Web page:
SIGNAL - ROBOTRON (CD by Raster-Noton)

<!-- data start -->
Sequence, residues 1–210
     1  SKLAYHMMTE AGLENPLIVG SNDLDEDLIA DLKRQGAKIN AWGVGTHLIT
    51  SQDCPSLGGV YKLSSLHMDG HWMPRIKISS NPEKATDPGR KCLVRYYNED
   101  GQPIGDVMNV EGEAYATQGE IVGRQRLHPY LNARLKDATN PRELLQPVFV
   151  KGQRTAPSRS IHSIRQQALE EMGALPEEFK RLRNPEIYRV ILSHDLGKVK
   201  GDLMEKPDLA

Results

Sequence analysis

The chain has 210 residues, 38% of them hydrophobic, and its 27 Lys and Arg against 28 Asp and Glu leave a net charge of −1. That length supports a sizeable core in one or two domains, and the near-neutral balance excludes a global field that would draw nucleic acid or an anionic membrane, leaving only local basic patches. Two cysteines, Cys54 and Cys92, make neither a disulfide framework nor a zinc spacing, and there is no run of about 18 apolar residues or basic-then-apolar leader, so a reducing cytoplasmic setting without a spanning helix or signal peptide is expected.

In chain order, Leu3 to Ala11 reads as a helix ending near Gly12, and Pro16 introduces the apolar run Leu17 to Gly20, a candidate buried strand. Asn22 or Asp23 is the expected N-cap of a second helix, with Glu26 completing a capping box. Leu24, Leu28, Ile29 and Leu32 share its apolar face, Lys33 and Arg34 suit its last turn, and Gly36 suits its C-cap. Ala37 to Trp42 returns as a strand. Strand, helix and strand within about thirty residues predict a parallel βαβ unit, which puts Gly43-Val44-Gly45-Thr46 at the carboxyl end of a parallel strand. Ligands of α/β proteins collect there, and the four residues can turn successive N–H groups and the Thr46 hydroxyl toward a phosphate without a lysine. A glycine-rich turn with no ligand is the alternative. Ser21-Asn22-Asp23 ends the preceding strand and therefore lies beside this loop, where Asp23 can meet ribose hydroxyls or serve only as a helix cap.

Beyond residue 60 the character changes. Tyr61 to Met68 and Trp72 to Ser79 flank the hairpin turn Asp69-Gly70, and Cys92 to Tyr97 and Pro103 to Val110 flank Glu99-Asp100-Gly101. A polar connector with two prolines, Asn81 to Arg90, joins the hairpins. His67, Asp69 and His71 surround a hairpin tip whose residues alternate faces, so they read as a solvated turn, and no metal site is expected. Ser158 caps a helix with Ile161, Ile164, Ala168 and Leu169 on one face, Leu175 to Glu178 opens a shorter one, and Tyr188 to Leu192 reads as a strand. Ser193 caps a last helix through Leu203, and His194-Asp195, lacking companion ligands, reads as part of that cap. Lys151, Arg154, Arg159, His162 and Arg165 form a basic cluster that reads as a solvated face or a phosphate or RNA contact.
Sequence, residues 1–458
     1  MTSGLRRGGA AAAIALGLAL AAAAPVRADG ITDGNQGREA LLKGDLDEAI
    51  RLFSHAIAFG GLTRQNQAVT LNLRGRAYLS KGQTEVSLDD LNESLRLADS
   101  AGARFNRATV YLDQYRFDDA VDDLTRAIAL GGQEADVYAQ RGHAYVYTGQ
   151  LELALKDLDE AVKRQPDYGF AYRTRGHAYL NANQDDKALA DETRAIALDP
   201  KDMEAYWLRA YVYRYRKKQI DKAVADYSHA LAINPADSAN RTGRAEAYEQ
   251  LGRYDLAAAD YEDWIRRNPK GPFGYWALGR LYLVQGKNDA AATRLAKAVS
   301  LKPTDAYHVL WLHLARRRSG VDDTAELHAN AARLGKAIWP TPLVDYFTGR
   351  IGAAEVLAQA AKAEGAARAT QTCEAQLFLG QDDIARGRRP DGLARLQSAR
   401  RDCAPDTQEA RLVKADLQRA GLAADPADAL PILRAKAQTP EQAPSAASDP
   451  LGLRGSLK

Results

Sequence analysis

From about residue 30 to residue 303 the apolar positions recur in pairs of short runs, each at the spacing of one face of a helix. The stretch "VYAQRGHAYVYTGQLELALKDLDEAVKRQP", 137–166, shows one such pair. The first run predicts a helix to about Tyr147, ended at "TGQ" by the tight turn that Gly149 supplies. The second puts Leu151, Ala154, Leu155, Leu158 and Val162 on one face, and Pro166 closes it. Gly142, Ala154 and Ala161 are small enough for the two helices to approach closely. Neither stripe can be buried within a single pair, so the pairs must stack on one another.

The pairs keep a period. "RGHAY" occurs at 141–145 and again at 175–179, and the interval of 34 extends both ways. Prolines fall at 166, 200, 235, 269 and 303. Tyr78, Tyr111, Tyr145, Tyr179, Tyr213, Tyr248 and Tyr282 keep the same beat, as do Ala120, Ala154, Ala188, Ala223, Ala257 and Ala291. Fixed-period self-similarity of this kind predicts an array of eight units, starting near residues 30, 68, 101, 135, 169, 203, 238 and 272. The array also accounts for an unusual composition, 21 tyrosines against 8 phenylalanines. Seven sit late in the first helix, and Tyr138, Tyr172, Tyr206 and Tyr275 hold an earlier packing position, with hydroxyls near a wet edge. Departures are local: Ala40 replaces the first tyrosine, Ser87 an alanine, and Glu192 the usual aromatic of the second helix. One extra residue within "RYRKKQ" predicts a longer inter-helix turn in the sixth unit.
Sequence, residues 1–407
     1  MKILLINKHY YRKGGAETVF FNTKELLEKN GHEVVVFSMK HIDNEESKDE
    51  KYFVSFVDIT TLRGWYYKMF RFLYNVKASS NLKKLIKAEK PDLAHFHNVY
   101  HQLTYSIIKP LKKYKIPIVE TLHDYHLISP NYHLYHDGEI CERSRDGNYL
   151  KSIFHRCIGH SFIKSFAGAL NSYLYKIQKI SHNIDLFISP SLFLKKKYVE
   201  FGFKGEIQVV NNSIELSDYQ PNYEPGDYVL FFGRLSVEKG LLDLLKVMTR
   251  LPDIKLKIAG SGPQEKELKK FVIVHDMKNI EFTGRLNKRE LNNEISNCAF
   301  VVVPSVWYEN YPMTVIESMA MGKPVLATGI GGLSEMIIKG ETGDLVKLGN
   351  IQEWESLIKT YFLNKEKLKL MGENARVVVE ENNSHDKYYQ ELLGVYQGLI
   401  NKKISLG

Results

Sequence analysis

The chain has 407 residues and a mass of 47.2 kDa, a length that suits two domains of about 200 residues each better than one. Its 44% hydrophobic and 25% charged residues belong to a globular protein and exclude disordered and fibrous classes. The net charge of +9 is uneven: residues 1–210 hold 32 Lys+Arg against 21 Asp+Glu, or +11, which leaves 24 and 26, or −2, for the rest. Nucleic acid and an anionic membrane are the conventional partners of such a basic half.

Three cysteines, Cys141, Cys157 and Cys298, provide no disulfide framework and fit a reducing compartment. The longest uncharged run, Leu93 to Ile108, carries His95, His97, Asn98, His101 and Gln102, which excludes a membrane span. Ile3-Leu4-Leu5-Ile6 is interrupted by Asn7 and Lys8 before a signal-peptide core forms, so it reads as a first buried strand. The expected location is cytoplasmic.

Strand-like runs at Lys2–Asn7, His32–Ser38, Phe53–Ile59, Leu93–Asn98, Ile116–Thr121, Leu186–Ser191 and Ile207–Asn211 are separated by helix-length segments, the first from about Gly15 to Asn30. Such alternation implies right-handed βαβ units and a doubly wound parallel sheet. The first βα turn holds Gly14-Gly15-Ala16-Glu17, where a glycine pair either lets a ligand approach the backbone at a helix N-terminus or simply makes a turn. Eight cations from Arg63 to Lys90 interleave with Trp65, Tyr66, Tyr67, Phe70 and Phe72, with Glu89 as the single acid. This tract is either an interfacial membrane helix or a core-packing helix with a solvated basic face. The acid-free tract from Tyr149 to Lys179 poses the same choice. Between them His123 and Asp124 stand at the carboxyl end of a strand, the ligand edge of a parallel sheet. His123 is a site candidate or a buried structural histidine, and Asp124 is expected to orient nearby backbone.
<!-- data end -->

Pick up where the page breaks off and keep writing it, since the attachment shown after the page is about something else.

There has been a serious gap in reviewing Raster Noton, but we should get back on track. I must admit that I have no idea what they have been up to in these recent years, but oddly enough Signal didn't progress or at least it wasn't shown in releases. 'Robotron' is their second release and their being of course the nucleus trio behind the label: Frank Bretschneider, Olaf Bender and Carsten Nicolai. Apart they have busy careers but they always find time to play together. It has been ages since I last played their first release from, oh, perhaps 1999, but I was quite amazed by this new one. Minimalist, robotronic beats built from those small particles of static hum, a scratch, a click, but sometimes even just an ordinary beat, which feeds through all three laptops at hand, and each of the players have their own methods of operation to process this. It results in groovy music, full of sound, moving about all the time. It reminded me a bit of the good ol' Pan Sonic, although perhaps less analogue. One thing though has changed and that is that this music is now much more a common place, and that novelty of a decade ago is a bit gone. More people have followed this path, as good as this one for sure, but having said that, this is still a great work.